C.S. Lewis’ book can be a companion for the grieving

“No one ever told me that grief felt so much like fear,” writes C.S. Lewis, in A Grief Observed. “I am not afraid, but the sensation is like being afraid.”

A Grief Observed was published in 1961 under the pseudonym N.W. Clark because Lewis didn’t want people to connect it to him. It was republished, two years later, after his death, under his own name.

It’s a slim volume — only 60 pages — and can literally be read in a sitting, which is how I did it. It’s true. Though certainly not a work likely to be deemed a page-turner, I couldn’t put it down. And I didn’t.

I’m not sure it would have been quite so compelling had I not recently been hit with a loss myself — not just of one loved one, but two. On Aug. 15, 2022, my father died, and two weeks later to the day, my quite a bit younger mother followed in his footsteps.

Losing a parent is a big deal. I have heard that said, and now I know. Losing two so close together would have been unthinkable had you spoken to me of such a thing six months ago. But so, it is. And grief is strange. Like childbirth, people tell you all about it to the point that you think you’re pretty well prepared — but then it happens to you, and though it bears a passing resemblance to the descriptions, it’s vaster and more real and stranger and more difficult than you could have ever imagined.

I remember back when I was about 12 years old my family was visiting Paris, and one morning, in our sunlit hotel room, my mother gave me something — some kind of I.D. or card, I don’t remember what exactly — and said, as she placed it in my hand, “This will be good to have when I am not around.” I can’t imagine what the object was that she gave to me that day. What I remember is being struck by the wildly unimaginable and insane concept that there might be a time in my life and the life of the cosmos that my mother would not “be around.” Fortunately, she did stick around, and I was not rendered motherless until about a half-century later — long enough for me to grow up myself and have kids of my own. Yet her death is still a shock to my system and hard to get my head around. I do not think I have really begun metabolizing it.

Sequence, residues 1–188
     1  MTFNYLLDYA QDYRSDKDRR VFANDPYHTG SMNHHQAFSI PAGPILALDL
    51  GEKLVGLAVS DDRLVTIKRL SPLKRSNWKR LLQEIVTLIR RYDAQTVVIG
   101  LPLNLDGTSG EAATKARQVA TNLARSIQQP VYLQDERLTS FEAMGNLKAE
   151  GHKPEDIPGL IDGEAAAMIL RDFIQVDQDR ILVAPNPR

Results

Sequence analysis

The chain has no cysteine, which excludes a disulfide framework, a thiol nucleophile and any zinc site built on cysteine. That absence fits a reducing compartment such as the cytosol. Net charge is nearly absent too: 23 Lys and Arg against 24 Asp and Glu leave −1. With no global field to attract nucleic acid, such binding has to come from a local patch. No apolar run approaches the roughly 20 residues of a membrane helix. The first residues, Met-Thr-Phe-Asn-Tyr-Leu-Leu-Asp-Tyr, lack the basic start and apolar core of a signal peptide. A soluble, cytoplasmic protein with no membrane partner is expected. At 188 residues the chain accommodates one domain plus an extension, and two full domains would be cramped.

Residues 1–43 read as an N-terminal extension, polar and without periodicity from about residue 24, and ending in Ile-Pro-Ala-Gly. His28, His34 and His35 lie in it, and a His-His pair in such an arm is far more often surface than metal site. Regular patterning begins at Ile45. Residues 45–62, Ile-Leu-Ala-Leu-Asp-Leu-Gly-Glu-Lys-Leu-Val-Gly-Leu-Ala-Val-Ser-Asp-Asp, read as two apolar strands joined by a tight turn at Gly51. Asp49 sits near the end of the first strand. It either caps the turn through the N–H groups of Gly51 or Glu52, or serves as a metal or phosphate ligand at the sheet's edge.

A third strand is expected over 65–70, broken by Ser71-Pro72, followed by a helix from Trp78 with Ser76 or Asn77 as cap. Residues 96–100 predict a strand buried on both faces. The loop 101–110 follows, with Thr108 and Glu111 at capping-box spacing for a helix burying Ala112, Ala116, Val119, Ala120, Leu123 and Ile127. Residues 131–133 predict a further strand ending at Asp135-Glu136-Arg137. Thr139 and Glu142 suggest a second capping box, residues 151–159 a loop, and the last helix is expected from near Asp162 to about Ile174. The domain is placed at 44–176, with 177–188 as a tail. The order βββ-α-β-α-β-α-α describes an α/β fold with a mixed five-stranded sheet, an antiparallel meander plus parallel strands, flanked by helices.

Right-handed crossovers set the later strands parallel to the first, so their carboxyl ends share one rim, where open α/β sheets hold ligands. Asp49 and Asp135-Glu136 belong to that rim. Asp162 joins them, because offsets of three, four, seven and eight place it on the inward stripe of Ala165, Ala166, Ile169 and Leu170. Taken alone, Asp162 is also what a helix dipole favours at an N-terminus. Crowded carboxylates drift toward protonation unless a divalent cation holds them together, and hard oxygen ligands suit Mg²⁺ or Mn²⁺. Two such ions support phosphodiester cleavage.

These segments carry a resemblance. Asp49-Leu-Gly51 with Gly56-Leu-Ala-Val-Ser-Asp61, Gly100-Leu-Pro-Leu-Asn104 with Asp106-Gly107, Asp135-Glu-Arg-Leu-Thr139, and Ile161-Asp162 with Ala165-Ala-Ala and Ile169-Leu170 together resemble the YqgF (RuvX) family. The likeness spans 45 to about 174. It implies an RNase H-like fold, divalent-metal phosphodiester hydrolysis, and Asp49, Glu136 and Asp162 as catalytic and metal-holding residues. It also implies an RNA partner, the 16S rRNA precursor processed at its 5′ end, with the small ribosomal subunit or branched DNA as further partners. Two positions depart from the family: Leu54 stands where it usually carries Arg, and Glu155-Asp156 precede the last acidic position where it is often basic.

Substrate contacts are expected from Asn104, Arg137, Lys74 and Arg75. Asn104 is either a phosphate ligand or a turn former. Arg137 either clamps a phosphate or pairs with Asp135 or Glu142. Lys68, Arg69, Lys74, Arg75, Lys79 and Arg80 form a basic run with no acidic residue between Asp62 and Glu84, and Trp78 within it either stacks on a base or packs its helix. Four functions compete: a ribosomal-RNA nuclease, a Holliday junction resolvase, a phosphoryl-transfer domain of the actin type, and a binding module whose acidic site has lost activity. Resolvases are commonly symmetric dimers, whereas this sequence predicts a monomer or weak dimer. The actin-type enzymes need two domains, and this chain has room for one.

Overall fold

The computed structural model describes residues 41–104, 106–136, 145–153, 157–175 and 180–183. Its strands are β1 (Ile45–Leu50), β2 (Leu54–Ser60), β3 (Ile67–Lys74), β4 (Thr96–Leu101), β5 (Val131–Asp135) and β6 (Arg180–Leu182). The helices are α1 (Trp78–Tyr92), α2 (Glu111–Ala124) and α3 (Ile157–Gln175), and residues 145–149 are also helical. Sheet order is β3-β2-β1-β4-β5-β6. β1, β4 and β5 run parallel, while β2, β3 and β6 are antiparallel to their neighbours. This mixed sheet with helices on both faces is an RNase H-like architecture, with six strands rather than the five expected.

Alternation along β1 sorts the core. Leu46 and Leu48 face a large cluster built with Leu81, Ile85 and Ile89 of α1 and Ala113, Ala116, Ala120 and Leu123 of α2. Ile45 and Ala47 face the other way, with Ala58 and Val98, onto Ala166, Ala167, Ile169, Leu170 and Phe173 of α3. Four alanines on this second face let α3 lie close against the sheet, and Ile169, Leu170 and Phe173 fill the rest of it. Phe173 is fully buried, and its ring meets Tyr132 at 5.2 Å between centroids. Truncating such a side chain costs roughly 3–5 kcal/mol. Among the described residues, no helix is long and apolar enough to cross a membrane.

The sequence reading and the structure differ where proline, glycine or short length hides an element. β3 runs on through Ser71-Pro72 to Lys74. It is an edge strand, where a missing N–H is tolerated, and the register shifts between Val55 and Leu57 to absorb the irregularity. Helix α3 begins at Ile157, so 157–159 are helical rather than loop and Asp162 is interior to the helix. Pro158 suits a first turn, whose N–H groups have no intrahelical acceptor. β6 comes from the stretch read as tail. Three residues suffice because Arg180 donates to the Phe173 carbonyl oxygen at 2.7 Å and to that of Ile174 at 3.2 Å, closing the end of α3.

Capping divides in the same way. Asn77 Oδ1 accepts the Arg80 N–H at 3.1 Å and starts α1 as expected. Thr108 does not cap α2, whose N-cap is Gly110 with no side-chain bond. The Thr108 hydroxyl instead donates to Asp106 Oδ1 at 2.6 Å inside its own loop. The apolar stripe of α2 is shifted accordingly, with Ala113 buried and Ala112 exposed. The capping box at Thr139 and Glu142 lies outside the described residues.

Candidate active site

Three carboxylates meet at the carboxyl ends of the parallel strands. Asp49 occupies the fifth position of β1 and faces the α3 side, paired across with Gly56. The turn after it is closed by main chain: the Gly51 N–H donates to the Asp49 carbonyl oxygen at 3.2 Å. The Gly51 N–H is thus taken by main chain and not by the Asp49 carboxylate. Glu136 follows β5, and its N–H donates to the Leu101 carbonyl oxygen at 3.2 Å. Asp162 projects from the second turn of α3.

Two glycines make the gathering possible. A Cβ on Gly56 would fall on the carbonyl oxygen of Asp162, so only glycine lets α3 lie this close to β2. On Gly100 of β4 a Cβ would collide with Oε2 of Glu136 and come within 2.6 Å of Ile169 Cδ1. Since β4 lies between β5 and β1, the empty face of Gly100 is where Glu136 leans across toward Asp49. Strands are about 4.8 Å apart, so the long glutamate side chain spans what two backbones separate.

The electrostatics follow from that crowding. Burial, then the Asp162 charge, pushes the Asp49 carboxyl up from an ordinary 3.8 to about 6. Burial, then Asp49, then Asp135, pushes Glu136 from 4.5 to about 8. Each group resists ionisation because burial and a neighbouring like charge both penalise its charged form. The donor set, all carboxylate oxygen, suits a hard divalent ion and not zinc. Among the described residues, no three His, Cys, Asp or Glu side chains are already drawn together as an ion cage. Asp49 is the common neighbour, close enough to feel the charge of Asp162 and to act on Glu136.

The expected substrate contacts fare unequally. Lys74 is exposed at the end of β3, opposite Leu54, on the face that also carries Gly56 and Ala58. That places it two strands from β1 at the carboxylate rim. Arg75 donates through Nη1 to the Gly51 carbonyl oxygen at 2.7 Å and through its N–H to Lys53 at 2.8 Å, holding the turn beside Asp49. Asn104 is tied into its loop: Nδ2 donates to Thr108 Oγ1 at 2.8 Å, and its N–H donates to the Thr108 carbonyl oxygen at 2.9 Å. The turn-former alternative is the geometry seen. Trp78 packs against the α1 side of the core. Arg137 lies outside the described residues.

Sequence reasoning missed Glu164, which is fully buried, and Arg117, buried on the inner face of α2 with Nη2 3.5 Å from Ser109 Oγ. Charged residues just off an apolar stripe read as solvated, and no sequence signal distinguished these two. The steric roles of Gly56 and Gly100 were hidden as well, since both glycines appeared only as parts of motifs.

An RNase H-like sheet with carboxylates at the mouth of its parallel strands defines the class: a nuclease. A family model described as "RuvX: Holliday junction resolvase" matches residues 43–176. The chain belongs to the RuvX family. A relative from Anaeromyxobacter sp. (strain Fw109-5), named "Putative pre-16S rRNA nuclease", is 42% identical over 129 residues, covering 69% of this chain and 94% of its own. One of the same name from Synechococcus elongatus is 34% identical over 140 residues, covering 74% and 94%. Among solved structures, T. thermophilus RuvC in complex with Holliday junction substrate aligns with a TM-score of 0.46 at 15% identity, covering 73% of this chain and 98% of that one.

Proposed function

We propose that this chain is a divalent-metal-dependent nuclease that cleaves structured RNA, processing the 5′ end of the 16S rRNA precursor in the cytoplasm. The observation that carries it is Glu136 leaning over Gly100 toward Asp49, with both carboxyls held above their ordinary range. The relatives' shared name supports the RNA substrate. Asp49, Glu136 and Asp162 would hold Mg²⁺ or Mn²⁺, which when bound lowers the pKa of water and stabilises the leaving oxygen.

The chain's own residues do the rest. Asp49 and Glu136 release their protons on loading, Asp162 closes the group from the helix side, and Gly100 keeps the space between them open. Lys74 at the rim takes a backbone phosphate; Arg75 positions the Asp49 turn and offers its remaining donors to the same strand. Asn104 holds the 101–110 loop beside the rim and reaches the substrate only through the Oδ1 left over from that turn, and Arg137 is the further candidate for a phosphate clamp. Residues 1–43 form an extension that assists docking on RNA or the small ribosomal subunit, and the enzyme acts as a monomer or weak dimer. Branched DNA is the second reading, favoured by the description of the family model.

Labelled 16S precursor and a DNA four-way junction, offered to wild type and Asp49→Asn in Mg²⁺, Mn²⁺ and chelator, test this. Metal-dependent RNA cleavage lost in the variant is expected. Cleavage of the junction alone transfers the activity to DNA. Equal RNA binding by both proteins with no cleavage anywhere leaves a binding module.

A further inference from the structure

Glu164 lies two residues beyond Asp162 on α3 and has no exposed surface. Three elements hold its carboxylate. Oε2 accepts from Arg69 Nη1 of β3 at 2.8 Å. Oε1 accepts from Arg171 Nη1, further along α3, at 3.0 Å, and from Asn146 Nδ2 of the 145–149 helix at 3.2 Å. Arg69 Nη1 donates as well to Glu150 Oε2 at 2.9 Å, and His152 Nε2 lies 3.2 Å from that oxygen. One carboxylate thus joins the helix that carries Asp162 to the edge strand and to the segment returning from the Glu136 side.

That being said, I found Lewis’ book to be immensely comforting, but not in the way you might think. It’s not at all platitudinous, not simple, nor easy. On the contrary, it is honest, at times agonized and almost agonizing, questioning and brave — a transcript of a journal Lewis kept after the death of his wife, Helen Joy Davidman (referred to as “H.,” probably for the same reason the book was not originally published under Lewis’ real name).

Trekking through the pebbly, sometimes sere, sometimes lush, boulder-strewn landscape of Lewis’ thoughts, feelings, hopes and observations following his great loss, one would assume (I think) (I certainly did) that Lewis and H. (like my parents) had been together a long, long time. He is so acutely shattered, so utterly undone and spiritually/emotionally discombobulated at almost every level by her absence. Come to find out, they had quite a short marriage: only three years.